“Further research using longer time frames and alternative measures of cognitive decline is recommended.”

In 2016, a study conducted by a team from McGill University in Canada claimed that women who have more sex have better memories.

The researchers found a correlation between the growth of the hippocampus, the area of the brain the controls emotions, memory and the nervous system, and sex.

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How To Get Over a Breakup, According to Science – Andrew Gregory

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The aftermath of a breakup can be devastating. Most people emerge from it intact, but research has shown that the end of a romantic relationship can lead to insomnia, intrusive thoughts and even reduced immune function. While in the throes of a breakup, even the most motivated people can have a difficult time determining how best to get on with their lives.

Now, in a small new study published in the Journal of Experimental Psychology: General, researchers tested a variety of cognitive strategies and found one that worked the best for helping people get over a breakup.

The researchers gathered a group of 24 heartbroken people, ages 20-37, who had been in a long-term relationship for an average of 2.5 years. Some had been dumped, while others had ended their relationship, but all were upset about it—and most still loved their exes. In a series of prompts, they were coached using three cognitive strategies intended to help them move on.

The first strategy was to negatively reappraise their ex. The person was asked to mull over the unfavorable aspects of their lover, like a particularly annoying habit. By highlighting the ex’s negative traits, the idea goes, the blow will be softened.

In another prompt, called love reappraisal, people were told to read and believe statements of acceptance, like “It’s ok to love someone I’m not longer with.” Instead of fighting how they feel, they were told to accept their feelings of love as perfectly normal without judgment.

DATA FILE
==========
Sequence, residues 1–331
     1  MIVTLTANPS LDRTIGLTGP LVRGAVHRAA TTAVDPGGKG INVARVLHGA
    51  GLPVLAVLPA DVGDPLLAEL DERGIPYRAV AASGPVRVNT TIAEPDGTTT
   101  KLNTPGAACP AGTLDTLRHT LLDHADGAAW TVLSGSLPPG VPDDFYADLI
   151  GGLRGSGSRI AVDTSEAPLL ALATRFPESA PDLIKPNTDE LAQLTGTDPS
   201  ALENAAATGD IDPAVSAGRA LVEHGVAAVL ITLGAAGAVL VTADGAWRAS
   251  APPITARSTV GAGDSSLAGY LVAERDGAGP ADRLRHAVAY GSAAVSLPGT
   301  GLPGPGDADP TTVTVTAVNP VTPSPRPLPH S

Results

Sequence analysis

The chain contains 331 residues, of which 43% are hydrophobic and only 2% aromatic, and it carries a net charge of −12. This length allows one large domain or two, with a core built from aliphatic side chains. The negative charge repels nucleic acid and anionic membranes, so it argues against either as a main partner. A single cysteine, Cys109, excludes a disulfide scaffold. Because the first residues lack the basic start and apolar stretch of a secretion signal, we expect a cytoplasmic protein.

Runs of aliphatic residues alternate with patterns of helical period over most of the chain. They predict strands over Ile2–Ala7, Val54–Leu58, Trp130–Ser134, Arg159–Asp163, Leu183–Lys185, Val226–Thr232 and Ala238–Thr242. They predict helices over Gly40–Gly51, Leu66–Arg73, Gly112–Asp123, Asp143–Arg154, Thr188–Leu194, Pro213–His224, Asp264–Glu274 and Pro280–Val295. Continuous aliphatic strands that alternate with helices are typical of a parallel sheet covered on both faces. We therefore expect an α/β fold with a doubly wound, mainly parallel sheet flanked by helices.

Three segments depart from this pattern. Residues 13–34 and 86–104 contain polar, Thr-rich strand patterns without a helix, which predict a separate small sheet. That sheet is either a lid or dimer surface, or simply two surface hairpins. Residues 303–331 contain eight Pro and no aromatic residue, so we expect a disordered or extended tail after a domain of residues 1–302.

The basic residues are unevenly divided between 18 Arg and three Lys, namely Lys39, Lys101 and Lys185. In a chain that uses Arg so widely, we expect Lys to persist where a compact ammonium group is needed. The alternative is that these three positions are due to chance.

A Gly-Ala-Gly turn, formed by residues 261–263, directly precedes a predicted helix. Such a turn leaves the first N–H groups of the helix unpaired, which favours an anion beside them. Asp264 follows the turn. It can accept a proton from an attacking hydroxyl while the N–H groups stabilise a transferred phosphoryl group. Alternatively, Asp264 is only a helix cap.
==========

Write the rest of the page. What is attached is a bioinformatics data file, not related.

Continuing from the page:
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The third strategy was distraction: to think about positive things unrelated to the ex, like a favorite food. Just as distracting oneself can help reduce cravings, it may also help a person overcome the persistent thoughts that come with a breakup.

A fourth prompt—the control condition—didn’t ask them to think about anything in particular. Next, the researchers showed everyone a photo of their ex—a realistic touch, since these often pop up in real life on social media. They measured the intensity of emotion in response to the photo using electrodes placed on the posterior of the scalp.

The EEG reading of the late positive potential (LPP) is a measure of not only emotion but motivated attention, or to what degree the person is captivated by the photo. In addition, the researchers measured how positive or negative the people felt and how much love they felt for the ex using a scale and questionnaire.

According to the EEG readings, all three strategies significantly decreased people’s emotional response to the photos relative to their responses in the control trials, which didn’t use prompts. However, only people who looked at their lover in a negative light also had a decrease in feelings of love toward their ex. But these people also reported being in a worse mood than when they started—suggesting that these negative thoughts, although helpful for moving on, may be distressing in the short term.

Distraction, on the other hand, made people feel better overall, but had no effect on how much they still loved their ex-partner. “Distraction is a form of avoidance, which has been shown to reduce the recovery from a breakup,” says study co-author Sandra Langeslag, director of the Neurocognition of Emotion and Motivation Lab at the University of Missouri–St. Louis, so the strategy should be used sparingly to boost mood in the short term.

Love reappraisal showed no effect on either love or mood, but still dulled the emotional response to the photo. The authors classify love for another person as a learned motivation, similar to thirst or hunger, that pushes a person toward their partner in thought and in behavior.

That can in turn elicit different emotions based on the situation. When love is reciprocated, one can feel joy, or, in the case of a breakup, persistent love feelings are associated with sadness and difficulty recovering an independent sense of self.

Classifying love as a motivation is controversial in the field; other experts believe that love is an emotion, like anger, or a script, like riding a bike. However, the endurance of love feelings (which last much longer than a typical bout of anger or joy), the complexity of these feelings (both positive and negative) and the intensity of infatuation all signal a motivation, the authors write.

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To get over a breakup, heartbroken people change their way of thinking, which takes time. Just as it can be challenging to fight other motivations like food or drug cravings, “love regulation doesn’t work like an on/off switch,” Langeslag says. “To make a lasting change, you’ll probably have to regulate your love feelings regularly,” because the effects likely wear off after a short time.